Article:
National Museum of Flight given £1.3m to transform WWII hangars
The money, from the Heritage Lottery Fund, will allow uniforms and documents to go on display for the first time.
The National Museum of Flight is being given a £1.3m grant to transform two Second World War hangars and create new exhibitons.
The money, from the Heritage Lottery Fund, will allow the hangars to be heated and insulated for the first time.
This will allow a selection of objects which are currently in storage, including uniforms, documents and photographs, to be displayed alongside the aircraft.
Located at former RAF Station East Fortune in East Lothian, the site is considered to be one of the best preserved Second World War airfield in the UK.
The £3.6 million project, which will be completed in 2016, will see National Museums Scotland conserve and restore two hangars built in 1940 which originally had a lifespan of just 10 years.
Once complete, one hangar will display military aircraft while the other will display smaller commercial and leisure aircraft dating from 1939 onwards.
An English Electric Lightning, the RAF's first supersonic jet fighter which could match the speed of Concorde, an RAF Panavia Tornado and a Scottish Aviation Twin Pioneer are among the aircraft which will be on display in the restored hangars, which will close to the public next month.
Dr Gordon Rintoul, director of National Museums Scotland, said: "I am delighted that the Heritage Lottery Fund has awarded funding for the next phase of our Development Plan for the National Museum of Flight.
"It allows us to restore these important structures, which long ago surpassed their original intended lifespan, and to enhance the visitor experience at what is already one of Europe's major aviation museums, showcasing our internationally significant collections to best effect."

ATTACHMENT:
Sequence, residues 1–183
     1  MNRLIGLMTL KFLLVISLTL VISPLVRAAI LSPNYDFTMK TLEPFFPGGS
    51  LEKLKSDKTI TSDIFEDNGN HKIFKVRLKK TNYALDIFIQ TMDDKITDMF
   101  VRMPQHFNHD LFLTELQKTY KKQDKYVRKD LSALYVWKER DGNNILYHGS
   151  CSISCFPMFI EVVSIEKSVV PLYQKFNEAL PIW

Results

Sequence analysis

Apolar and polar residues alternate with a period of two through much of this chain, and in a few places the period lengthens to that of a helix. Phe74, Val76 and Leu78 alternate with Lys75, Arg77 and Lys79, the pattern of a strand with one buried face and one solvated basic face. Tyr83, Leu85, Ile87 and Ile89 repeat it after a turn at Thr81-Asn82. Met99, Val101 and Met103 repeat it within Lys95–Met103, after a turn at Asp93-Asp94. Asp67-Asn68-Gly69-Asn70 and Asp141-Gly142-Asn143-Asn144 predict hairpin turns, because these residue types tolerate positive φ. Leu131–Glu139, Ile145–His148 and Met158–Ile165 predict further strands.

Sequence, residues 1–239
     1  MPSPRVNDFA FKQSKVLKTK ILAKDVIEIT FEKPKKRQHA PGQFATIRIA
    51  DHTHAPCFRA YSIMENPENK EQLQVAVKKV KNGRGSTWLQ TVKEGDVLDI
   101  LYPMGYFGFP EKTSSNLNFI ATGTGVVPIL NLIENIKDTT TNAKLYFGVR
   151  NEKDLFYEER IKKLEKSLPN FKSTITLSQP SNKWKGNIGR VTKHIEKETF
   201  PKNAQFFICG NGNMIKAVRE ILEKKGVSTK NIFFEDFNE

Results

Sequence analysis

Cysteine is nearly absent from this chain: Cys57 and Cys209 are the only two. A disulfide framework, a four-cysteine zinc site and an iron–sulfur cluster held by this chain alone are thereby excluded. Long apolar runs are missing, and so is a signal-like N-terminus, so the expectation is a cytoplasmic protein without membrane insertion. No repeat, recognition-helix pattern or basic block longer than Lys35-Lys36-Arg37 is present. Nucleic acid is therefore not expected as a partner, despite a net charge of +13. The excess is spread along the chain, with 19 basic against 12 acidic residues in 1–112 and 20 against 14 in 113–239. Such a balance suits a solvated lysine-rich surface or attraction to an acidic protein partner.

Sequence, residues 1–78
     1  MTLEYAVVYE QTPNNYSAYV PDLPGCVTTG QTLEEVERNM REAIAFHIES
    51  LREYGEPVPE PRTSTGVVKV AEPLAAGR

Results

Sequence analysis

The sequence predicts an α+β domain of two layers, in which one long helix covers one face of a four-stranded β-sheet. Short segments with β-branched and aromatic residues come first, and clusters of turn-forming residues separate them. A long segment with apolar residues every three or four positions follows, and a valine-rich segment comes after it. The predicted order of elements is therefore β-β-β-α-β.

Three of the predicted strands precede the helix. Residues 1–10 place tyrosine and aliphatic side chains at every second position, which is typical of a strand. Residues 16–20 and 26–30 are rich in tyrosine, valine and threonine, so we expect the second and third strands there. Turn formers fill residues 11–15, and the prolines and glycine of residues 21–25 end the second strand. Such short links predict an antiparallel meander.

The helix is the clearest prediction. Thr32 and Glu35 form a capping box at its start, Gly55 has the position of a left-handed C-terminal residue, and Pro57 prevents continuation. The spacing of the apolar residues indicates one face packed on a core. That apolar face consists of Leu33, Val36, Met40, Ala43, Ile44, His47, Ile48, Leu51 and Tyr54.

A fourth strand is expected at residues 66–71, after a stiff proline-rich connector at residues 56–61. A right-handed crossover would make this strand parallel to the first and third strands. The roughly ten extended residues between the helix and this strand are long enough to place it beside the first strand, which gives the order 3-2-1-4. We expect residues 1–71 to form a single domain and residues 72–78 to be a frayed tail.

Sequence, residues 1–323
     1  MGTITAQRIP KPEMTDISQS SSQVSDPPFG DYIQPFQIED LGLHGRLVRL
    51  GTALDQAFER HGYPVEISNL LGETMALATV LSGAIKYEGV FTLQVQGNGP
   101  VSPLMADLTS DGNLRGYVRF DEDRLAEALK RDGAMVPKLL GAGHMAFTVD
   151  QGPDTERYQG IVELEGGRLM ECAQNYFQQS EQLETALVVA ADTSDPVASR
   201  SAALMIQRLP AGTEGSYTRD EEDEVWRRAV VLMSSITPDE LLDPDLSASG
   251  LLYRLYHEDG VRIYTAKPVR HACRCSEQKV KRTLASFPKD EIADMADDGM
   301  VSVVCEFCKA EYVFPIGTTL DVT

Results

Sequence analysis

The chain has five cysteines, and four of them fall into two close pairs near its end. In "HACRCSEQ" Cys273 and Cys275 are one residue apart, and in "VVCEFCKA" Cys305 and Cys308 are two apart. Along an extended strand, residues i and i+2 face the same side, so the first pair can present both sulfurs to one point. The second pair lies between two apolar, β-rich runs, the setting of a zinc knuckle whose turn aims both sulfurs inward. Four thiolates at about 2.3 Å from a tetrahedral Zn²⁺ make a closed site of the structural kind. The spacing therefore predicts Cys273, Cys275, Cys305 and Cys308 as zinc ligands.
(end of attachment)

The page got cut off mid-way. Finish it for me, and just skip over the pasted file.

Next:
Colin McLean, Head of the Heritage Lottery Fund in Scotland, said: "Situated on one of the best preserved Second World War airfields in the UK, these iconic aircraft hangars house over 100 years of aviation history.
"With new modern displays and imaginative interactive activities, visitors will gain a greater understanding and appreciation of our national aviation collection. We are delighted to be able to help in this transformation, safeguarding the hangars and the meticulously restored aircraft they house for generations to come."
The project comes after it was announced £5m of lottery money would go towards opening new galleries in the National Museum of Scotland in Edinburgh's Chambers Street.
Culture Secretary Fiona Hyslop said: "National Museums Scotland holds a collection of national and international importance and is one of the leading museum groups in the UK and Europe.
"Following the hugely successful Chambers Street refurbishment project, this very significant development at the National Museum of Flight demonstrates a national museum which is going from strength to strength and always looking to deliver more for the people of Scotland.
"This Scottish Government is pleased to be able to support this project and I am delighted that the Heritage Lottery Fund, also one of the main funding partners in the Chambers Street project, is again providing critical support."
Further highlights of the collection include one of only two Vulcan bombers ever to have seen military action, a Comet airliner, a Spitfire from the Second World War and British Airways' first operational Concorde.